Summer is quickly approaching, meaning big comedies and even bigger action. May gives us a sampling of what’s to come this summer season with Thor and later this month, The Hangover Part II. In addition, Boston’s LGBT community hosts its annual film festival, the ICA focuses on rising stars in the animation world, and the Coolidge Corner Theater celebrates Film Preservation.
By Sarah Sanders.
Boston LGBT Film Festival. Screenings at the Museum of Fine Arts and the Brattle Theater, May 5–15.
Screening for its 27th consecutive year, Boston’s LGBT Film Festival aims at expanding awareness and celebrating the artistic efforts of the lesbian, gay, bisexual, transgender, and allied communities with a focus on international, as well as US-made films. Just over 120 short and feature length films will be screened this year from countries as varied as Chile, Switzerland, Poland, France, Germany, Norway, Philippines, Nigeria, China, India, and Israel.
Thor. Wide release, May 6.
Returning to the director’s chair after four years, Shakespearean-trained actor Kenneth Branagh helms what is sure to be a behemoth of a comic book franchise for Paramount. Cast out of Asgard by his father Odin, Thor takes refuge on Earth, where he fights to protect humans from other worldly attacks. Supposedly, Branagh views the God of Thunder’s tale as very similar to that of Henry V, and if his handling of this film goes the way of the Oscar-nominated Henry V, then the franchise will do very well. If not, then there’s always a brawny Chris Hemsworth wooing Natalie Portman to consider.
New England Animators. Presented by the Institute of Contemporary Art, May 7–8.
This special showcase of established and emerging New England talent will bring together a diverse group of stories told through the art of animation. The screening explores the use of animation as a distinct way of communicating personal and cultural experiences. The program includes 23 short films, with introductions by filmmaker Joel Frenzer on May 7 and RISD professor Amy Kravitz on May 8.
Coolidge Award. At the Coolidge Corner Theater, May 10–11.
In its eighth year, the Coolidge Award celebrates Film Preservation and the efforts being made to protect film history with a premiere screening of the documentary, These Amazing Shadows on May 10. The film delves into the significance of the National Film Registry as an arbiter of the American cultural experience and its reflection of our values and aspirations. The event includes panel discussions on the state of film restoration and the presentation of the Coolidge Award, followed by a screening of All About Eve on May 11.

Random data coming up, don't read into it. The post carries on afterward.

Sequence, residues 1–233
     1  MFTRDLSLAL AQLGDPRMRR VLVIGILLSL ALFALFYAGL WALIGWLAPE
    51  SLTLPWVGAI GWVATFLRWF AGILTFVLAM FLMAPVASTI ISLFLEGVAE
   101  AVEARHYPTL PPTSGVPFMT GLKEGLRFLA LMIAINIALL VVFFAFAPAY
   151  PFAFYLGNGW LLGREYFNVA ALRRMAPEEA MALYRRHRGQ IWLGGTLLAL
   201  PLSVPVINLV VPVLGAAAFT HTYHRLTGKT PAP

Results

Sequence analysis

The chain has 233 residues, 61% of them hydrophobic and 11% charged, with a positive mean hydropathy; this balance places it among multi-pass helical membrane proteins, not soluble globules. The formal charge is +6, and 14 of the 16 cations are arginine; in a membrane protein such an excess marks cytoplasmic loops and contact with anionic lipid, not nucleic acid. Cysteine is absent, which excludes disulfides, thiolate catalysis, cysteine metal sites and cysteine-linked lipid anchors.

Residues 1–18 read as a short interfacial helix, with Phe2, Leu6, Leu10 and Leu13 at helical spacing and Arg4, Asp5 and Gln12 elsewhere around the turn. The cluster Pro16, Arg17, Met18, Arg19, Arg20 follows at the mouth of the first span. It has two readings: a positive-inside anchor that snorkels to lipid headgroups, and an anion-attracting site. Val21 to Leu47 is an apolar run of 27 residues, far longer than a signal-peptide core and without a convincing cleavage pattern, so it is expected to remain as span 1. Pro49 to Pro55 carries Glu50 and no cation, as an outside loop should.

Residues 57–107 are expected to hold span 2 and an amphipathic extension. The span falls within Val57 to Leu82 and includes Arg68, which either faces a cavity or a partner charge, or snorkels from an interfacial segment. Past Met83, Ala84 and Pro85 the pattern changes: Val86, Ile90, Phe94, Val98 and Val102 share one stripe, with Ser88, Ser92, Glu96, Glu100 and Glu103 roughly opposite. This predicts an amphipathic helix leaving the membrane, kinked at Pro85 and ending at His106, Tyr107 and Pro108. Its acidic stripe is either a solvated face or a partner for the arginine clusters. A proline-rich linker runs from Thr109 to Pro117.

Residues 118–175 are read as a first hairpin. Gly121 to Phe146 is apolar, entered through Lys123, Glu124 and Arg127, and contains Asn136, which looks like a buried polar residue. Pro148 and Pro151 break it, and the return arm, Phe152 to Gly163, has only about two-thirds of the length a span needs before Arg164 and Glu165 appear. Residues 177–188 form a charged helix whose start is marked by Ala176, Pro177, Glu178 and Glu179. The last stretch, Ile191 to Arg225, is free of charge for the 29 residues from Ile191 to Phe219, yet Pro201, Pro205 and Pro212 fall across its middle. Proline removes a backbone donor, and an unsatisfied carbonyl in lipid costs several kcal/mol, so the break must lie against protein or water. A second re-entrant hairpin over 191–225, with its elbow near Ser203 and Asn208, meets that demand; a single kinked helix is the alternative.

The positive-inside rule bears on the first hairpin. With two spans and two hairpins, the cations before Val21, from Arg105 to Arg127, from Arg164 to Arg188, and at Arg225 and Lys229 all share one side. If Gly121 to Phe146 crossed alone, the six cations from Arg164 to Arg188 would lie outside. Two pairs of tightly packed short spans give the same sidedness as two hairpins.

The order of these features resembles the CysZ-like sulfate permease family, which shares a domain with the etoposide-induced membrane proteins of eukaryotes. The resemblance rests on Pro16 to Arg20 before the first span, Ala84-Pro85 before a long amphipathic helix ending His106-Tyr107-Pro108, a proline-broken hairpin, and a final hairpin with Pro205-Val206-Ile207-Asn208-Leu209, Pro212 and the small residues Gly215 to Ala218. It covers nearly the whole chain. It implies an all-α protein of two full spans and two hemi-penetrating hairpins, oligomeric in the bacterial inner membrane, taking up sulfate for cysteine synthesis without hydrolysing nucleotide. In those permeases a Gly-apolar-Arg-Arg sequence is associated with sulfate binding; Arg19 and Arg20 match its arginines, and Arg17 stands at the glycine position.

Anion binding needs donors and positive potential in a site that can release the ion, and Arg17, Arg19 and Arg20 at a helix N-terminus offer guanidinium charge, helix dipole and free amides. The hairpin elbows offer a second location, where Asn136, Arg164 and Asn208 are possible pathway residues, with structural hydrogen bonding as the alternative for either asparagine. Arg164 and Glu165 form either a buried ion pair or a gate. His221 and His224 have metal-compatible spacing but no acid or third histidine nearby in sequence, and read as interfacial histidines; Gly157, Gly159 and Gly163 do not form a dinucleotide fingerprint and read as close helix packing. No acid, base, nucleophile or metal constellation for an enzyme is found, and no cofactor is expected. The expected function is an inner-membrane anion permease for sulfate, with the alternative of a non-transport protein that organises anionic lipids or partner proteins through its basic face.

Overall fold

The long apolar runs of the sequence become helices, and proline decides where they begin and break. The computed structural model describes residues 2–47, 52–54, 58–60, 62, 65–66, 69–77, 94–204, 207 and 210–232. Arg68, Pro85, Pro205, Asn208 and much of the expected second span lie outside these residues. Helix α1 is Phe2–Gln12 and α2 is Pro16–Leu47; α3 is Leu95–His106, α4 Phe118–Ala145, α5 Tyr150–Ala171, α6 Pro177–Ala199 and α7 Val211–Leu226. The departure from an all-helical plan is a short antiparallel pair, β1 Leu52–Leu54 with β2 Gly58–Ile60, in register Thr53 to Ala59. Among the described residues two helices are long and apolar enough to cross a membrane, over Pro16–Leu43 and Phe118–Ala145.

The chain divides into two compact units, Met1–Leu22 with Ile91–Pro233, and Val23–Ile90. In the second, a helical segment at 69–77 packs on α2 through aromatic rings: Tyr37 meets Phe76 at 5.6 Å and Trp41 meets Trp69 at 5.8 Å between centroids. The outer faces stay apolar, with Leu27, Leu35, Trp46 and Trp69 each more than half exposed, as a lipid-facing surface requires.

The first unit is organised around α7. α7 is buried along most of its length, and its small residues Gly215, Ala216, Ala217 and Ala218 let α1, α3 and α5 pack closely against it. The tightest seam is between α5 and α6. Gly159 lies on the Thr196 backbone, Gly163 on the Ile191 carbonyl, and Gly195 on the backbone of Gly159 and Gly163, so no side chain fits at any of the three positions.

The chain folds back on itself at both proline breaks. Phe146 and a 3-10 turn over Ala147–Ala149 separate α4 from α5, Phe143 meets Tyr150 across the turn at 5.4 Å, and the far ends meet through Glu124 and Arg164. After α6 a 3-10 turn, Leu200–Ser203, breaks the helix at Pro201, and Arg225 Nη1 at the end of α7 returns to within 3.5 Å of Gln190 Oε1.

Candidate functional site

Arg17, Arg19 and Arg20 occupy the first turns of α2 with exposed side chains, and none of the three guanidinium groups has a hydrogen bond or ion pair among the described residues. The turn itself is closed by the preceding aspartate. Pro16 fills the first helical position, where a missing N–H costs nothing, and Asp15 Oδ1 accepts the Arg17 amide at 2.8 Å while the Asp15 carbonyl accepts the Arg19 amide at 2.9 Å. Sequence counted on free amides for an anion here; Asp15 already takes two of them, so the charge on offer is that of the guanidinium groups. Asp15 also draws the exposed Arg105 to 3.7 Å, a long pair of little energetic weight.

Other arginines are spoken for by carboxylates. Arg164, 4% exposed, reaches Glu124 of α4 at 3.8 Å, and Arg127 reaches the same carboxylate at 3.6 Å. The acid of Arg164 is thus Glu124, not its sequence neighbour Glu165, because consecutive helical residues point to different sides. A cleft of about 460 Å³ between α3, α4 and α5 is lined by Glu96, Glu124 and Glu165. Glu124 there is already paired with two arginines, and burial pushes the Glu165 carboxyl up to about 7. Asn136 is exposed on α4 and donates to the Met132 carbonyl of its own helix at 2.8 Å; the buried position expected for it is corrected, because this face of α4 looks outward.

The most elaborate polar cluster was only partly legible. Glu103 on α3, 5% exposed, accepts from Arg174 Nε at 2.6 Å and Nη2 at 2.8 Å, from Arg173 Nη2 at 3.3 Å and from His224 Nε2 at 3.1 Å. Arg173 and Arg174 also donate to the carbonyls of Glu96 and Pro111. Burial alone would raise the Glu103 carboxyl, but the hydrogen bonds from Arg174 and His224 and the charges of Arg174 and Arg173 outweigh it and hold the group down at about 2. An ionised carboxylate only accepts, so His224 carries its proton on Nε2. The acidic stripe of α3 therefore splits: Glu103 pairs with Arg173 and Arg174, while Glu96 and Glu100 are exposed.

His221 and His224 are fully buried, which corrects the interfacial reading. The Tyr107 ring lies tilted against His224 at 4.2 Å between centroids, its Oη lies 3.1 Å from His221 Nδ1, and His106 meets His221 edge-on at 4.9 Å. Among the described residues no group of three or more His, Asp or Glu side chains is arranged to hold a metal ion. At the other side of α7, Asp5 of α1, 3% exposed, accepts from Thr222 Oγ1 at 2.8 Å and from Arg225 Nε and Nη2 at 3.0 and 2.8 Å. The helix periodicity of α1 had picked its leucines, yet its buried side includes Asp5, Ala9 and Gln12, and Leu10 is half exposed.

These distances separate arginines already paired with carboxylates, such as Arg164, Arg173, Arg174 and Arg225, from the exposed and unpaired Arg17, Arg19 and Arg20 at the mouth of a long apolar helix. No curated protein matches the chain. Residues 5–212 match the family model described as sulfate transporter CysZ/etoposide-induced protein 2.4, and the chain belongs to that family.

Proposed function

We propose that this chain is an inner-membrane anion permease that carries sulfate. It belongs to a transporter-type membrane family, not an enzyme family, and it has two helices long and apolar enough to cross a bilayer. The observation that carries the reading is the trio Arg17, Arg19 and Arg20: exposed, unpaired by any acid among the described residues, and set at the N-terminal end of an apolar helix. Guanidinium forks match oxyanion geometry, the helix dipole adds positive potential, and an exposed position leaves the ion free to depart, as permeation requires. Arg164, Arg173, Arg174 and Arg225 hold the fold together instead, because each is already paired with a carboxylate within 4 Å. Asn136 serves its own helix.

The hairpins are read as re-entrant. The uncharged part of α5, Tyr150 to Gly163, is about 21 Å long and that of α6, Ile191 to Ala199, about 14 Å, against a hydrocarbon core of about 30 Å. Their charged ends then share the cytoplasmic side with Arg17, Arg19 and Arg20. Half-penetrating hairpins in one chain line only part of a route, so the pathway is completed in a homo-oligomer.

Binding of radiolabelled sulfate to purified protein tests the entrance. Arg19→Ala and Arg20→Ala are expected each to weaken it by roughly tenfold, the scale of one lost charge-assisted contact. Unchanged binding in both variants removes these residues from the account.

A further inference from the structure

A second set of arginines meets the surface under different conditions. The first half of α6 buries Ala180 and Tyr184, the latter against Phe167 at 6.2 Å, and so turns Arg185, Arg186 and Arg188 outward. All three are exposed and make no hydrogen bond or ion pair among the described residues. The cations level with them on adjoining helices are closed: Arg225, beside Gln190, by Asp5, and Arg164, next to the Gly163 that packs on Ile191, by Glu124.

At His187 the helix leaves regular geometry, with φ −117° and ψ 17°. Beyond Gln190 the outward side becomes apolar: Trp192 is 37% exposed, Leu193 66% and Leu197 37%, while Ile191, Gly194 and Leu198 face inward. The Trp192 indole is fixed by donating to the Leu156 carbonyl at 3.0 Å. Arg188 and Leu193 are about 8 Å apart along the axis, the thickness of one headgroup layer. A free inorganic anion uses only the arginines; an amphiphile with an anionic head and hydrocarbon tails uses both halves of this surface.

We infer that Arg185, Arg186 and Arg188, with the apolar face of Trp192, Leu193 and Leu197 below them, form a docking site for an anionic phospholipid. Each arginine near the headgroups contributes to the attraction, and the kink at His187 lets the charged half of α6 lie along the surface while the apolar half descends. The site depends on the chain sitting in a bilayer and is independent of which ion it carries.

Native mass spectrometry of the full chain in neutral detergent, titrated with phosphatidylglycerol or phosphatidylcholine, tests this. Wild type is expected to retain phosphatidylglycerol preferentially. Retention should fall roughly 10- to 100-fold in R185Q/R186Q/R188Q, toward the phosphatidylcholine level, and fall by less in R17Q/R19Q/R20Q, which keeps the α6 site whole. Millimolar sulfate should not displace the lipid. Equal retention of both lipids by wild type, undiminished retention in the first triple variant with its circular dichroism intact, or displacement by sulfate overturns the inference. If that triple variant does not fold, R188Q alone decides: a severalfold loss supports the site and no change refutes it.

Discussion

Last Night. At the Coolidge Corner Theater, May 13.
Married couple Joanna (Keira Knightley) and Michael (Sam Worthington) find themselves parted for an evening and faced with straying from their marriage. On a business trip, Michael tries to ward off the allure of his colleague Laura (Eva Mendes), while Joanna has a chance encounter with her former flame, Alex (Guillaume Canet). First-time director Massy Tadjedin, who also penned the script, brings to life this meditation on the complications of marriage and temptation.
Global Lens Film Series. At the Museum of Fine Arts, May 18–29.
This nine-day film series focuses on critically acclaimed and award-winning, international narrative features from Argentina, Bosnia-Herzegovina, Brazil, China, Georgia, Kyrgyzstan, India, Iran, and Uruguay. Films include The Light Thief, from Kyrgyzstan, about village electrician Mr. Light who hatches a plan to bring wind-electricity and jobs to his poor valley community; Street Days, from Georgia, about a middle-aged, unemployed heroin addict who kidnaps the son of his wealthy friend; and Soul of Sand, from India, about a runaway girl and her lover who take shelter in an abandoned mine with a married couple, putting the foursome in danger from the assassin on her trail.
The Hangover, Part II. May 27, wide release.
The Wolfpack is back for a second installment of the hugely successful comedy franchise. This time around, Phil, Stu, and Alan (plus a capuchin monkey) are lost in Bangkok trying to fill in the blanks of the greatest night of their lives they’ve completely forgotten. You would think they had learned their lesson about roofies by now. The epitome of man-boy humor, The Hangover Part II looks to be as ridiculous and balls out funny as the first. Fully expect Zach Galifinakis to up his awkward, fat-man humor to the extreme.